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To catch a hacker

Nutter's Help Desk By Ron Nutter, Network World
January 07, 2008 12:03 AM ET

Network World - I have been trying to catch a hacker for over a year. I need a trace program or any program that will stand up in court. Do you know where I could get this? I really need a free trial to see if I like the program before I buy it.
-- Molly

Before getting started on this, I would advise consulting an attorney who specializes in this type of situation to make sure that you aren't setting yourself to be sued for entrapment. Trying to catch a hacker may not be as simple as it seems. Another problem is that what we see in the U.S. as hacking isn't viewed the same in some countries in Europe and Asia.

Having said that, you will probably find that it may take more than one program to help catch a thief as they say. One tool that can be used to help start the information gathering process is a network protocol analyzer or sniffer. This allows you to watch what is going on and record the information to a file for later review/analysis. Using an analyzer and some type of Ethernet tap will allow you to watch what is going on without setting up something that could be a problem in court later on.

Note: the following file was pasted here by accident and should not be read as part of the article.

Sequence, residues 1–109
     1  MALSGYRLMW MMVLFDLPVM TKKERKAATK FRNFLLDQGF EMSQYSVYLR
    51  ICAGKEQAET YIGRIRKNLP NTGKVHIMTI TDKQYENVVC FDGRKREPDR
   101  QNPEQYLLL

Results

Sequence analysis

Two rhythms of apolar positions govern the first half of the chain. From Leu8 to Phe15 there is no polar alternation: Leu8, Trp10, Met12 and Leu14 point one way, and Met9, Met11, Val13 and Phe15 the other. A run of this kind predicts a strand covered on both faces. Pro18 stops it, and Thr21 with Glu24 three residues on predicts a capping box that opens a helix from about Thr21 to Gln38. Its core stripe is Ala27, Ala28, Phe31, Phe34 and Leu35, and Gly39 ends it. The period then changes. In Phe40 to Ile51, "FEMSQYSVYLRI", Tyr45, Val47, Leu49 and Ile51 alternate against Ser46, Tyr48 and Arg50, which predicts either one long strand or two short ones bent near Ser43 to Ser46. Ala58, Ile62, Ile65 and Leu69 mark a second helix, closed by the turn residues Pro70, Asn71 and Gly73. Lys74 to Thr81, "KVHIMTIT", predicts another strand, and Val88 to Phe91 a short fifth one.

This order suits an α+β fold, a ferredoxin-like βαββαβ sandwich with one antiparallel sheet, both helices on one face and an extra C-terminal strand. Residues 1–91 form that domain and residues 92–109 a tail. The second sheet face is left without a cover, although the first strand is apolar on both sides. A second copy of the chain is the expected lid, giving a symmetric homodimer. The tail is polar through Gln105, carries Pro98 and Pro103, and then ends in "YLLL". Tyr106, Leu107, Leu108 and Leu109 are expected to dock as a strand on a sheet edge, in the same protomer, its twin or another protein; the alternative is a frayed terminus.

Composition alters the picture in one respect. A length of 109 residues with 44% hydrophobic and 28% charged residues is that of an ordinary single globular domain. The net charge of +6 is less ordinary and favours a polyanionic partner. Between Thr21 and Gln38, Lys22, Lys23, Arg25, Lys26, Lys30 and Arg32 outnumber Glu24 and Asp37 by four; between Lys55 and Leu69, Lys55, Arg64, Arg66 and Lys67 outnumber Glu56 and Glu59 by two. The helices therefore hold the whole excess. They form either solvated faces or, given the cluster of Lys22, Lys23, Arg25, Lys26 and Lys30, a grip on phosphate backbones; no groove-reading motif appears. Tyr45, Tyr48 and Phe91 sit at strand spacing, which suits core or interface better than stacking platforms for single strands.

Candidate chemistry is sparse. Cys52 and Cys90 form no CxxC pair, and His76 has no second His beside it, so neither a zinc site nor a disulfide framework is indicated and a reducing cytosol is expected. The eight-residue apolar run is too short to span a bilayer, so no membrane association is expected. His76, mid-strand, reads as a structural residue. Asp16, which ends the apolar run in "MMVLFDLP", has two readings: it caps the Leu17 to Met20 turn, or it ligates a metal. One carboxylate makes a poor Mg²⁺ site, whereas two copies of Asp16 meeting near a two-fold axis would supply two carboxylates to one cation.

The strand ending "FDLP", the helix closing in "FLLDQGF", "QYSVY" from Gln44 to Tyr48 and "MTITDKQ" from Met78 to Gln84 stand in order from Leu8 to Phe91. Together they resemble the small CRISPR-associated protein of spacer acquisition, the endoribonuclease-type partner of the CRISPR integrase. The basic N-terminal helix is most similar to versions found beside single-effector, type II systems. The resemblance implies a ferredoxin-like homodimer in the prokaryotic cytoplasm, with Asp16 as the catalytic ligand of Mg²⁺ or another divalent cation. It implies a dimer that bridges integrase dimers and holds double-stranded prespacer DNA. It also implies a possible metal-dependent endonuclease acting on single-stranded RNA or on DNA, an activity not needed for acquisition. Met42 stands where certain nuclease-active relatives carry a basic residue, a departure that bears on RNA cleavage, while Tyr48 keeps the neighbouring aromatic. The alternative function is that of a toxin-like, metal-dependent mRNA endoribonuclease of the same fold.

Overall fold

The next tool that you can look at using is called a honeypot. In this arena, there are both open source and commercial offerings. I would suspect that staying with the commercial offerings would probably fare better in court than the open-source offerings. How much will depend on the law enforcement folks, the attorneys and the judge you will be dealing with in the entire process.

Examples of the commercial honeypots are Specter and KFSensor. What a honeypot will do is to "emulate" a particular version of OS running a particular set of service(s) that may not may not be patched to a certain degree. When the hacker comes knocking at the door and starts plying his/her tools, the honeypot responds with responses based on what it has been told to do. All the time while it is doing this, it is recording the keystrokes being sent to it for later analysis.

Read more about security in Network World's Security section.

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